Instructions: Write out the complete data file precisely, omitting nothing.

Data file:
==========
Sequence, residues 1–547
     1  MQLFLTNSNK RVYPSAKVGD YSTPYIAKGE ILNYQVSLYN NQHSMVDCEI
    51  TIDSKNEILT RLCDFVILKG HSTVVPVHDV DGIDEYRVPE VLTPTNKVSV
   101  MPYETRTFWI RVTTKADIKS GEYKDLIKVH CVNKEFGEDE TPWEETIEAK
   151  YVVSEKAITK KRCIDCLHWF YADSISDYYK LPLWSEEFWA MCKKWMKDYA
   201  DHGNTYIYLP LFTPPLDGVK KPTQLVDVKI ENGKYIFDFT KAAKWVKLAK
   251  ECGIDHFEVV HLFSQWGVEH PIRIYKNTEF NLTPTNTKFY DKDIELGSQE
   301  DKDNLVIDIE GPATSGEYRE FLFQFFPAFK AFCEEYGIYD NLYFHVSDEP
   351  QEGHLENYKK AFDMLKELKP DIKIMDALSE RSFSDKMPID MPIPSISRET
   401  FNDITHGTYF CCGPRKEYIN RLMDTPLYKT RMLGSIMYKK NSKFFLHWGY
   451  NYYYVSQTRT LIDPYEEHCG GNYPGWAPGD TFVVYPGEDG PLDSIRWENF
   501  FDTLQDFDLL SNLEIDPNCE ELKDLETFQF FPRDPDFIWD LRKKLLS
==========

Sequence, residues 1–547
     1  MQLFLTNSNK RVYPSAKVGD YSTPYIAKGE ILNYQVSLYN NQHSMVDCEI
    51  TIDSKNEILT RLCDFVILKG HSTVVPVHDV DGIDEYRVPE VLTPTNKVSV
   101  MPYETRTFWI RVTTKADIKS GEYKDLIKVH CVNKEFGEDE TPWEETIEAK
   151  YVVSEKAITK KRCIDCLHWF YADSISDYYK LPLWSEEFWA MCKKWMKDYA
   201  DHGNTYIYLP LFTPPLDGVK KPTQLVDVKI ENGKYIFDFT KAAKWVKLAK
   251  ECGIDHFEVV HLFSQWGVEH PIRIYKNTEF NLTPTNTKFY DKDIELGSQE
   301  DKDNLVIDIE GPATSGEYRE FLFQFFPAFK AFCEEYGIYD NLYFHVSDEP
   351  QEGHLENYKK AFDMLKELKP DIKIMDALSE RSFSDKMPID MPIPSISRET
   401  FNDITHGTYF CCGPRKEYIN RLMDTPLYKT RMLGSIMYKK NSKFFLHWGY
   451  NYYYVSQTRT LIDPYEEHCG GNYPGWAPGD TFVVYPGEDG PLDSIRWENF
   501  FDTLQDFDLL SNLEIDPNCE ELKDLETFQF FPRDPDFIWD LRKKLLS